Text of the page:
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Witness Lyimo Thesis Defense available on YouTube

Thesis title: Exploring factors facilitating the engagement of women in traditional masculine employment in tourism delivery

The Master of Arts in Sustainable Leisure Management, in conjunction with our World Leisure Centre of Excellence, would like to congratulate Witness Lyimo, Graduate Student for successfully presenting her research thesis on June 28, 2021.
The recording of the thesis defense is available on Youtube.

WLCE thesis

Thesis Title: Exploring factors facilitating the engagement of women in traditional masculine employment in tourism delivery: A case study of Tanzania northern tourism circuit.
Gender equality is an essential consideration in all professions, including tourism (Ferguson, 2011; Olgiati et al., 2002). It is a particularly significant issue for the Global South; however, despite the apparent increases in gender equality emphasis, discrimination continues to manifest itself in tourism workforce (Ferguson, 2011; Nyaruwata and Nyaruwata, 2013). This study examined the lived experiences of women employed in traditionally masculine employment in tourism delivery in Tanzania. Using qualitative descriptive methodology (Bradshaw et al., 2017), this study took a strengths-based approach (Goldman & Schmalz, 2005) and was grounded in a social-ecological model (McLeroy et al., 1988) as a theoretical framework. Data were collected through semi-structured interviews with 17 women working in TME in the Northern Tourism Circuit in Tanzania. Thematic analysis and abductive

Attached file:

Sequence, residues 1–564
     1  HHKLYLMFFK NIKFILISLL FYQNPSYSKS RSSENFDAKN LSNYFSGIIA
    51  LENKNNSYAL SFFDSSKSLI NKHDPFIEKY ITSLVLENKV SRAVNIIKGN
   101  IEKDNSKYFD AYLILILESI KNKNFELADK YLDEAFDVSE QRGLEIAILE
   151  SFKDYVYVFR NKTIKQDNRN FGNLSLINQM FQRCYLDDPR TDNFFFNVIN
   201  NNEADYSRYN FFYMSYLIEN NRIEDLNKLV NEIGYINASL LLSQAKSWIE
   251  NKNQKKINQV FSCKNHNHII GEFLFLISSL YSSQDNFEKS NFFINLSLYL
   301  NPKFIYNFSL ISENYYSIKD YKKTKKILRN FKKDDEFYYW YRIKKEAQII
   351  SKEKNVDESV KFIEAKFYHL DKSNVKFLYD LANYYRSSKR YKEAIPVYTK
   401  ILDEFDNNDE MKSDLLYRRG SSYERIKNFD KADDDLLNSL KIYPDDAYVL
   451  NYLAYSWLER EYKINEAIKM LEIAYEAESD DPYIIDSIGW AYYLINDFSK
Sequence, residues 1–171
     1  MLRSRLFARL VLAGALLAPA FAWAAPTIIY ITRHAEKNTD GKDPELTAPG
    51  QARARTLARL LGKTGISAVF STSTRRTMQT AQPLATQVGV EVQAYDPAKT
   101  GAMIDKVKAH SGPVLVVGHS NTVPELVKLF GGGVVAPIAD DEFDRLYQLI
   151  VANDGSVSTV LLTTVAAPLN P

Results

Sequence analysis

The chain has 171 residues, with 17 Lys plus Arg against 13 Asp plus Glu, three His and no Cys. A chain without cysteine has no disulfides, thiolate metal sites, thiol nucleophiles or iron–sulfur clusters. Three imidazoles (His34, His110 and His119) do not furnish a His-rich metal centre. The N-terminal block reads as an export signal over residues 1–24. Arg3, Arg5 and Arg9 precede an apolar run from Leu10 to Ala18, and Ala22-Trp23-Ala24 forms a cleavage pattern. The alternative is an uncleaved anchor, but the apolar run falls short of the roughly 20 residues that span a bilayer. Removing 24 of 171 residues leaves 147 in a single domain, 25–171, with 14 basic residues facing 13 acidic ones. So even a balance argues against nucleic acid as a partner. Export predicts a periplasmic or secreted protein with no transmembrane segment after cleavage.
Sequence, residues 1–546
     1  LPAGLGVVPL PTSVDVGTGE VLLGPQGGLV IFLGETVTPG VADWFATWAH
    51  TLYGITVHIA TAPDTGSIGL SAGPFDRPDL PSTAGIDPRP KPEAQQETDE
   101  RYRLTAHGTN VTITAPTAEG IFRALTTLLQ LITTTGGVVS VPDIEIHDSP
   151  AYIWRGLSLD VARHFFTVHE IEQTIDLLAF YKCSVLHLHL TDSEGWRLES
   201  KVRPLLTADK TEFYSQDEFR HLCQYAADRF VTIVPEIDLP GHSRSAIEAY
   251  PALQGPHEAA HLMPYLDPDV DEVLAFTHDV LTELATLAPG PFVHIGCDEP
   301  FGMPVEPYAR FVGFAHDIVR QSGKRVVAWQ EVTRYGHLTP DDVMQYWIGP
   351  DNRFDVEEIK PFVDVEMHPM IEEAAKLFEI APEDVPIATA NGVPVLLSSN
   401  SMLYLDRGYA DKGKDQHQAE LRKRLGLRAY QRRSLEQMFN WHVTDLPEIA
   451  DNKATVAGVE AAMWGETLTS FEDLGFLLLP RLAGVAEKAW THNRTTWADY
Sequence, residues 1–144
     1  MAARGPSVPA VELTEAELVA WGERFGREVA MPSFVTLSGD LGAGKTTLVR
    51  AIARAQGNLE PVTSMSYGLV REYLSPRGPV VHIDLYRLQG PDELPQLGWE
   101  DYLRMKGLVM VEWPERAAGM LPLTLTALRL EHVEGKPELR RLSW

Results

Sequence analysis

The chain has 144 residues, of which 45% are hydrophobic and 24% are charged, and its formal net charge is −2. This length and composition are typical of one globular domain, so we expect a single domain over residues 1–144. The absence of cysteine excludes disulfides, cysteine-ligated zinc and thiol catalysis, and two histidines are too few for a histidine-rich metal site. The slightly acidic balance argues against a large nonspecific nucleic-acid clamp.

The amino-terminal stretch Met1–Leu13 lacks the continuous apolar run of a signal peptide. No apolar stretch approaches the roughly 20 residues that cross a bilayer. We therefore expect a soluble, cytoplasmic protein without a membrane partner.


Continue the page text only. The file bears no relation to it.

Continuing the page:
reasoning were applied to the analysis. Supported by the idea for proximal and distal factors in the conceptual framework, findings of this study revealed that the prospect of engagement of women in traditional masculine employment (TME) involves two main phases: (a) getting the jobs, and (b) keeping the jobs. While resilience was evident among these women, this study found that women were resisting being limited to traditional gender roles through the engagement in traditionally masculine employment.


The committee was formed by: 

Dr. Aggie Weighill
Supervisor
Dr. Rick Rollins
Co-Supervisor
Dr. Rehema A. Shoo
External Examiner
Professor Professor Emeritus Lecturer
Vancouver Island University Vancouver Island University College of African Wildlife
Management, Mweka



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